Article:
The Urban League of Greater Cincinnati said the casino pursued job candidates and operating vendors through its programs. In fact, Horseshoe General Manager Kevin Kline delivered a gift to Urban League headquarters in October because one of its job fairs led to several new casino hires.

“We arranged for a job fair here at the Urban League with that pre-screening and all the work we had done, he was getting a lot of qualified prospects,” said Urban League spokesman Matt Hughes.


Beyond site development and workforce issues, there remains an ongoing debate about the ultimate viability of Ohio’s emerging gaming market.

In 2009, the Ohio Department of Taxation estimated that four casinos could generate $1.9 billion in taxable revenue, but it warned that the number would fall to $1.4 billion if racinos were legalized at seven Ohio horseracing tracks. With one racino open and six under development, casino estimates are falling. A recent two-year budget proposed by Ohio Gov. John Kasich estimates casino revenue will reach $957.7 million for the fiscal year starting July 1.

“If you look at the monthly revenues on a sequential basis, you’re not really seeing a lot of growth,” said Richard Hightower, gaming and lodging analyst for ISI Group in New York. “ (Ohio) properties are already starting to steal share from Indiana next door. So, that would suggest to me that you’re not really creating too much new demand. You’re just kind of stealing from where it already exists, which would suggest the market is getting close to a saturation point.”

Experts attribute Ohio’s sluggish start to several factors, including the recession and rising gas prices.

“When people have to make a decision between putting a couple of gallons in their tank or going to the local casino, you know what wins out. It’s going to be the necessary trip and not the discretionary trip,” said Edward Feigenbaum, publisher of Indiana Gaming Insight, which tracks casino gambling in the Hoosier State.

Another suspected culprit, Internet cafes, allows customers to purchase phone cards and play slot-machine style games on computer terminals for sweepstakes prizes.

Ohio Casino Control Commission Executive Director Matt Schuler has estimated up to $1 billion is spent annually in Internet cafes. The Ohio Attorney General says more than 800 such cafes now compete in Ohio. Butler County has the most locally with 15. Hamilton County has three in Cheviot, Harrison and Bond Hill.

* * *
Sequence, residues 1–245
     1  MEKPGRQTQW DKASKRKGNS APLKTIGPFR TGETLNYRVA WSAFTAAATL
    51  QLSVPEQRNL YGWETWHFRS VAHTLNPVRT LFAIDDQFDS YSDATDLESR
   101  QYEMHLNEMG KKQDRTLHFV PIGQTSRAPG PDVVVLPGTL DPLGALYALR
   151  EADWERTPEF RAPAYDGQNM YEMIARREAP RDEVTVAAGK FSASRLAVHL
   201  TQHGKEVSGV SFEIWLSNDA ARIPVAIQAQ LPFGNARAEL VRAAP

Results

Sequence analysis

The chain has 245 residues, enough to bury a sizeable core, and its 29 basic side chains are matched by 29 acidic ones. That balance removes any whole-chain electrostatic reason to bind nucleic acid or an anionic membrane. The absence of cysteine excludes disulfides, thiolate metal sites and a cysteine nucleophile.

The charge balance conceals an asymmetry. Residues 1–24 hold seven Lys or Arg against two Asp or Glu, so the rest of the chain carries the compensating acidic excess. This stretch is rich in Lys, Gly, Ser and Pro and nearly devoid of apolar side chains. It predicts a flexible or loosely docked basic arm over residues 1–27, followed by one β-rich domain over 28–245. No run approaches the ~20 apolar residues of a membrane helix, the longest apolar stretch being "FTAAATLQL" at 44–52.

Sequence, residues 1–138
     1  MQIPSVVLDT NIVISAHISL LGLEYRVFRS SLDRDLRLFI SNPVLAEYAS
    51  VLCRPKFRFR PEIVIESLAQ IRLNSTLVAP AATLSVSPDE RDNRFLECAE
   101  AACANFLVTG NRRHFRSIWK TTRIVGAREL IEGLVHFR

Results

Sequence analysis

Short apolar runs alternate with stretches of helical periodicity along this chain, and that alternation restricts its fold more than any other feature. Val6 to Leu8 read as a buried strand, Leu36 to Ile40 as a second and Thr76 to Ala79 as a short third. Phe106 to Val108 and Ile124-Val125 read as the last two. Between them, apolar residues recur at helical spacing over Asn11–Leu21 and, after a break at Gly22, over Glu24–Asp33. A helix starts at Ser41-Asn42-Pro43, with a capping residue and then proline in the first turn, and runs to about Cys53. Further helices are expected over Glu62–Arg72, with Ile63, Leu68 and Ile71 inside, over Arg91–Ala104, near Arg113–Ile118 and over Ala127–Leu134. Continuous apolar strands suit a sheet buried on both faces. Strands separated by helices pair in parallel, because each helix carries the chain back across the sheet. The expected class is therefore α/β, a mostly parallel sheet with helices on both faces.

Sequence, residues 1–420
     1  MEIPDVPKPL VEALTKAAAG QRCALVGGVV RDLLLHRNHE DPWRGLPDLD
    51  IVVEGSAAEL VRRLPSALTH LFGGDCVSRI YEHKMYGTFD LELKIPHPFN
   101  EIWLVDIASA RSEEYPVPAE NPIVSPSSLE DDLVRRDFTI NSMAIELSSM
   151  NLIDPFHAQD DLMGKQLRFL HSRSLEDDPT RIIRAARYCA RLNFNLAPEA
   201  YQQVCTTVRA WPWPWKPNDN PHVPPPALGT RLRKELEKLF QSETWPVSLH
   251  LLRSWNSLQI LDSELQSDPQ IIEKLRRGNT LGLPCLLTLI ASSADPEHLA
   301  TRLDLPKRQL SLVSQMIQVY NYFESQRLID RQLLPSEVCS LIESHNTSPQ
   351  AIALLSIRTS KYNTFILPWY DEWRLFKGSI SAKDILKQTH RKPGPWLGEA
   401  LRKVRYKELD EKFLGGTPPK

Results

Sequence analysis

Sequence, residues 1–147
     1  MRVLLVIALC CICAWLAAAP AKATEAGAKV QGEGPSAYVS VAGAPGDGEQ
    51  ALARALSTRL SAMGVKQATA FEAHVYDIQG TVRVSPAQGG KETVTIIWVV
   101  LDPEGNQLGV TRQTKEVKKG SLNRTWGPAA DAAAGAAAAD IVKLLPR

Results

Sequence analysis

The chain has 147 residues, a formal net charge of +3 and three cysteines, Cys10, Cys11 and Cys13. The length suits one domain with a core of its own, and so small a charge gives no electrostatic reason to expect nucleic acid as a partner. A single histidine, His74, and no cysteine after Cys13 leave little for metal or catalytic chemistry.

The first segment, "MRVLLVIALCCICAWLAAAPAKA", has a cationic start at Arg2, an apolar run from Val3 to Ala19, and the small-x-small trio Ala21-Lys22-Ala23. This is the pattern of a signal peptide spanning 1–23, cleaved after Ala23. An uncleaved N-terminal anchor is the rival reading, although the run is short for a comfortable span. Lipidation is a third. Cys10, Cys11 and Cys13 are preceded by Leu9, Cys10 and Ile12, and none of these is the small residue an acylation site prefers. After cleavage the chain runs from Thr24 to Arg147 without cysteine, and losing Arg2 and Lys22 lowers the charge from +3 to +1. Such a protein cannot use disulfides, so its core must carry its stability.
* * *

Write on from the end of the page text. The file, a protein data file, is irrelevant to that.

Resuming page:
While the casino industry has promoted a crackdown on Internet cafes, Ohio State Sen. Bill Seitz thinks their threat to the industry is “overblown.” In his view, Ohio’s under-performing casinos, in Columbus and Cleveland, suffer from bad locations.

“It cannot be assumed that every conceivable thing we’ve allowed will prosper and thrive,” Seitz said. “I have a hard time believing we’re over-saturated when we have a larger population than Indiana and fewer casinos.”

In a recent conference call with analysts, Penn National Gaming President Timothy Wilmott said the problem in Ohio was marketing, not over-saturation. Penn owns Hollywood casinos in Lawrenceburg, Columbus and Toledo.

“The primary issue is market penetration and getting into new households,” he said. “We're going to get to where we want to be; it's just going to be a slower ramp-up than we had originally thought.”

The publisher of a gaming industry magazine does not expect Horseshoe Casino to have trouble hitting its revenue goals, which Kulczycki estimated at $300 million, unchanged since the casino’s groundbreaking.

“I think they built it to the spec that will fit the market,” said Roger Gros, publisher of Global Gaming Business Magazine in Las Vegas. “They have a more mature market. Gamblers have been going to Lawrenceburg and the Indiana casinos for quite some time now. So, it should reach projections. I don’t think it’ll under-perform the way that the Cleveland casino has.”

For Sigman, there are other barometers than monthly revenue to gauge the success of Ohio’s new casinos. One is the retail occupancy rate of the Parkhaus garage in Over-the-Rhine. The county-owned garage signed a Subway restaurant to fill one of its two empty storefront spaces along Sycamore Street, ending a 15-year vacancy.

“The Parkhaus garage retail spaces have been there forever,” he said. “You’ve got to trust the private sector. If they’re willing to invest, they must see something.”